me the depths of my depravity and for continuing Your

steadfast love even in the face of arrogant rebellion.

Accepted by the Faculty of Grace Theological Seminary


in partial fulfillment of requirements for the degree
Doctor of Theology

Adviser: Donald Fowler


Adviser: Weston Fields
Adviser: Richard Averbeck

TABLE OF CONTENTS


LIST OF ABBREVIATIONS . . . . . . . . . . . . . . . . . . . . . . . . . . . . . . . . . . . . . . . . . . . xi

INTRODUCTION . . . . . . . . . . . . . . . . . . . . . . . . . . . . . . . . . . . . . . . . . . . . . . . . . . . 1

Chapter I. THE COMPARATIVE LITERARY SETTINGS

OF WISDOM . . . . . . . . . . . . . . . . . . . . . . . . . . . . . . . . . . . . . . . . . . . . . . . . . . . . 11

Introduction . . . . . . . . . . . . . . . . . . . . . . . . . . . . . . . . . . . . . . . . . . . . . . . . . . 11

Egyptian Wisdom . . . . . . . . . . . . . . . . . . . . . . . . . . . . . . . . . . . . . . . . . . . . . . 12

Ptahhotep to 'Onchsheshonqy . . . . . . . . . . . . . . . . . . . . . . . . . . . . . . . . . . . . . 12

Amenemope and Proverbs . . . . . . . . . . . . . . . . . . . . . . . . . . . . . . . . . . . . . . . 17

Sumerian Proverbs . . . . . . . . . . . . . . . . . . . . . . . . . . . . . . . . . . . . . . . . . . . . . 21

Babylonian and Assyrian "Wisdom" . . . . . . . . . . . . . . . . . . . . . . . . . . . . . . . 27

Syro-Palestinian Wisdom . . . . . . . . . . . . . . . . . . . . . . . . . . . . . . . . . . . . . . . . 32

Concluding Remarks . . . . . . . . . . . . . . . . . . . . . . . . . . . . . . . . . . . . . . . . . . 37


II. THE CONCEPTUAL SETTING OF WISDOM . . . . . . . . . . . . . . . . . . . . . . . . . 39

Introduction . . . . . . . . . . . . . . . . . . . . . . . . . . . . . . . . . . . . . . . . . . . . . . . . . . 39

Neglect of Wisdom in Past Old Testament

Theologies . . . . . . . . . . . . . . . . . . . . . . . . . . . . . . . . . . . . . . . . . . . . . . . . . . . 40

Creation Theology . . . . . . . . . . . . . . . . . . . . . . . . . . . . . . . . . . . . . . . . . . . . . 42

Cosmic Order . . . . . . . . . . . . . . . . . . . . . . . . . . . . . . . . . . . . . . . . . . . . . . . . . 47

Introduction . . . . . . . . . . . . . . . . . . . . . . . . . . . . . . . . . . . . . . . . . . . . 47

Ma'at in Egypt . . . . . . . . . . . . . . . . . . . . . . . . . . . . . . . . . . . . . . . . . . 49

Israelite Wisdom and Ma'at . . . . . . . . . . . . . . . . . . . . . . . . . . . . . . . 52

Cautions and Caveats . . . . . . . . . . . . . . . . . . . . . . . . . . . . . . . . . . . . . . . . . . 55

Wisdom and Heilsgeschichte . . . . . . . . . . . . . . . . . . . . . . . . . . . . . . . . . . . . 57

Secular Humanist or Theistic Humanist

Wisdom? . . . . . . . . . . . . . . . . . . . . . . . . . . . . . . . . . . . . . . . . . . . . . . . . . . . . . 62

Empirical, Rational, and Eudaemonistic

Wisdom? . . . . . . . . . . . . . . . . . . . . . . . . . . . . . . . . . . . . . . . . . . . . . . . . . . . . 68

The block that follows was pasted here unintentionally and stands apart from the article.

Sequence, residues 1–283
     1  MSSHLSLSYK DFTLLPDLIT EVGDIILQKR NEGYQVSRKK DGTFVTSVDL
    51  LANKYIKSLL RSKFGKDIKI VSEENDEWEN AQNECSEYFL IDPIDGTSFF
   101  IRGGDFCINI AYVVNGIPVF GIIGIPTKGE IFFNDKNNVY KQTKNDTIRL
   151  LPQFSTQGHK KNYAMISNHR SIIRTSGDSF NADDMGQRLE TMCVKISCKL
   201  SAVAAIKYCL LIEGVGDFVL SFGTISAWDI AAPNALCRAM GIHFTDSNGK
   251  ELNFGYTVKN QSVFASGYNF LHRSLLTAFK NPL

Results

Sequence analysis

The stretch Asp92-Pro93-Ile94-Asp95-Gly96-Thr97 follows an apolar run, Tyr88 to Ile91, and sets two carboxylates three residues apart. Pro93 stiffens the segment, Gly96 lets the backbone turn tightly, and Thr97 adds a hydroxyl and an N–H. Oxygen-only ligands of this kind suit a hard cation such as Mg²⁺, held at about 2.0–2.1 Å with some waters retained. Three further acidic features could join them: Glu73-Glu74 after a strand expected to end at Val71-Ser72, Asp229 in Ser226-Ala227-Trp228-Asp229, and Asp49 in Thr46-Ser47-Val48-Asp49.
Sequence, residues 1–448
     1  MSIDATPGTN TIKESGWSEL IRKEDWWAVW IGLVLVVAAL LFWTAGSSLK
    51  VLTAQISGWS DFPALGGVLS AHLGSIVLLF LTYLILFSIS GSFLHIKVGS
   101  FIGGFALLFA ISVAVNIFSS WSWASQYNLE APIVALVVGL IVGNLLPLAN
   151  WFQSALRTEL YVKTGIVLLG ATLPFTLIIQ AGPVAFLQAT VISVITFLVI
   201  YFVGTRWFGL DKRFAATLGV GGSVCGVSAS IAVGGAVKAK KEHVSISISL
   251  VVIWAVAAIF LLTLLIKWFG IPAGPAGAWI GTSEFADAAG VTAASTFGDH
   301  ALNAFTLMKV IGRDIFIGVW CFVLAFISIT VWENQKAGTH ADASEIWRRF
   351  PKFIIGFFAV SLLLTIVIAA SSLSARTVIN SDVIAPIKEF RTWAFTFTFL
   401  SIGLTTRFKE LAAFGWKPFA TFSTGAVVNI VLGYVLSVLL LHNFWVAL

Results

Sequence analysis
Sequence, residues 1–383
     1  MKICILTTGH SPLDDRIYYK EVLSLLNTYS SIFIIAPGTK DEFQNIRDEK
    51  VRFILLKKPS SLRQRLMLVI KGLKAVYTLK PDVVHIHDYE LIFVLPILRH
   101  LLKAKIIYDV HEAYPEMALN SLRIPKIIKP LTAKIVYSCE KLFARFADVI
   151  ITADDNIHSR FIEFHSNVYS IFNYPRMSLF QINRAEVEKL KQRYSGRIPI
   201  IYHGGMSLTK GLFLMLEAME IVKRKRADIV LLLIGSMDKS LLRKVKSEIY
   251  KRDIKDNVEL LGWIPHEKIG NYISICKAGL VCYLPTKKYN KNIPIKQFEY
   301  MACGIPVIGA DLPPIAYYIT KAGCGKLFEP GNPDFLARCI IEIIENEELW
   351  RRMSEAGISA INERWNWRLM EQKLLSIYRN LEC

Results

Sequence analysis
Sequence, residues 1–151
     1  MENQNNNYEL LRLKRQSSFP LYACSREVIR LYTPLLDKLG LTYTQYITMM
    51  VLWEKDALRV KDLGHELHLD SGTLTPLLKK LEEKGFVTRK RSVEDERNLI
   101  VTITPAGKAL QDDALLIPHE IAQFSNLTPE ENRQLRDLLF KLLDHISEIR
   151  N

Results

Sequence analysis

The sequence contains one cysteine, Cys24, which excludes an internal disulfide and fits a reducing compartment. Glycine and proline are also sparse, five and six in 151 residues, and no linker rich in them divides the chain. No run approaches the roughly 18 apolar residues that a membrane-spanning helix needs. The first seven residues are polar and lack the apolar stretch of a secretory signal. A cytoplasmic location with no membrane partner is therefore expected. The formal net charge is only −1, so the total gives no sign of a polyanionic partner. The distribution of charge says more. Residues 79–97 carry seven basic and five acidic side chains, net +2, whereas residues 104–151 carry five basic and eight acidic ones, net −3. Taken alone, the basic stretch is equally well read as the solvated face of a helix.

Evolutionary Model: From Secular to

Religious . . . . . . . . . . . . . . . . . . . . . . . . . . . . . . . . . . . . . . . . . . . . . . . . . . . . 74

Conclusion . . . . . . . . . . . . . . . . . . . . . . . . . . . . . . . . . . . . . . . . . . . . . . . . . . 79
III. THE CANONICAL SETTING OF WISDOM . . . . . . . . . . . . . . . . . . . . . . . . . 82

Introduction . . . . . . . . . . . . . . . . . . . . . . . . . . . . . . . . . . . . . . . . . . . . . . . . . 82

Methodology . . . . . . . . . . . . . . . . . . . . . . . . . . . . . . . . . . . . . . . . . . . . . . . . 84

Vocabulary Approach . . . . . . . . . . . . . . . . . . . . . . . . . . . . . . . . . . . . 84

Motif Approach . . . . . . . . . . . . . . . . . . . . . . . . . . . . . . . . . . . . . . . . 86

Form Approach . . . . . . . . . . . . . . . . . . . . . . . . . . . . . . . . . . . . . . . . . 88

Wisdom and the Pentateuch . . . . . . . . . . . . . . . . . . . . . . . . . . . . . . . . . . . . . 89

Genesis and Wisdom . . . . . . . . . . . . . . . . . . . . . . . . . . . . . . . . . . . . 91

Exodus, Deuteronomy and Wisdom . . . . . . . . . . . . . . . . . . . . . . . . . 95

Wisdom and the Historical Books . . . . . . . . . . . . . . . . . . . . . . . . . . . 97

Wisdom and Esther . . . . . . . . . . . . . . . . . . . . . . . . . . . . . . . . . . . . . . . . . . . . . 99

Wisdom and the Psalms . . . . . . . . . . . . . . . . . . . . . . . . . . . . . . . . . . . . . . . . . 100

Wisdom and the Prophets . . . . . . . . . . . . . . . . . . . . . . . . . . . . . . . . . . . . . . . . 103

Conclusion . . . . . . . . . . . . . . . . . . . . . . . . . . . . . . . . . . . . . . . . . . . . . . . . . . . 112


IV. THE HISTORICAL SETTINGS OF WISDOM . . . . . . . . . . . . . . . . . . . . . . . . 114

The Context of Sentence Literature? . . . . . . . . . . . . . . . . . . . . . . . . . . . . . . . 114

The Multifaceted Context of Wisdom . . . . . . . . . . . . . . . . . . . . . . . . . . . . . . 115

Introduction to the Sitz im Leben . . . . . . . . . . . . . . . . . . . . . . . . . . . . . . . . . . 120

The Importance of Scribes . . . . . . . . . . . . . . . . . . . . . . . . . . . . . . . . . . . . . . . 125

Scribes . . . . . . . . . . . . . . . . . . . . . . . . . . . . . . . . . . . . . . . . . . . . . . . . 125

Scribes in Egypt . . . . . . . . . . . . . . . . . . . . . . . . . . . . . . . . . . . . . . . . . 127

Scribes in Mesopotamia . . . . . . . . . . . . . . . . . . . . . . . . . . . . . . . . . . . 132

Scribes in Israel . . . . . . . . . . . . . . . . . . . . . . . . . . . . . . . . . . . . . . . . . 136